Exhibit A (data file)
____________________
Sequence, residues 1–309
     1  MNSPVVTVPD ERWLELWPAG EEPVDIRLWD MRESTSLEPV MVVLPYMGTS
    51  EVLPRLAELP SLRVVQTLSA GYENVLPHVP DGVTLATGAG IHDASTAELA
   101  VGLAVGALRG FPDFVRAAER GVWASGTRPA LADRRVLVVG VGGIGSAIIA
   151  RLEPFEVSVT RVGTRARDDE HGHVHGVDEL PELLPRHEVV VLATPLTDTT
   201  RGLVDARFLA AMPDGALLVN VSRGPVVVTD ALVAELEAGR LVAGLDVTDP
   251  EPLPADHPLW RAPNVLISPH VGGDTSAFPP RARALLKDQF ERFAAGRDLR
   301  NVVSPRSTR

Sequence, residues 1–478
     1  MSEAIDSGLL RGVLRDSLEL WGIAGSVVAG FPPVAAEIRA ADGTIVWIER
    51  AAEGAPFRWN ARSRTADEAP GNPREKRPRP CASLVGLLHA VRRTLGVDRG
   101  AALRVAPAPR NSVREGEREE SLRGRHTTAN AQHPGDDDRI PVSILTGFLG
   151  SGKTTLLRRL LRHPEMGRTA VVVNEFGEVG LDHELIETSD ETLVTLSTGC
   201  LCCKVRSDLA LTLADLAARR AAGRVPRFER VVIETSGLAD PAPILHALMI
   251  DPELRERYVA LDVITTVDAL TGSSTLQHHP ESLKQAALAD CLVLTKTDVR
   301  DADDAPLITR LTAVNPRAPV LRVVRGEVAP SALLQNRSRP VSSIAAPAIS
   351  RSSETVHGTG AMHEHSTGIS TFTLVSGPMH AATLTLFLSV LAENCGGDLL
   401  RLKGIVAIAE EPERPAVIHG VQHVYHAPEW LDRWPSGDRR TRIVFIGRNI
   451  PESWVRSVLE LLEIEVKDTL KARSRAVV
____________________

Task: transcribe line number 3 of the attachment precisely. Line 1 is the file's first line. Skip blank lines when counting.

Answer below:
    51  EVLPRLAELP SLRVVQTLSA GYENVLPHVP DGVTLATGAG IHDASTAELA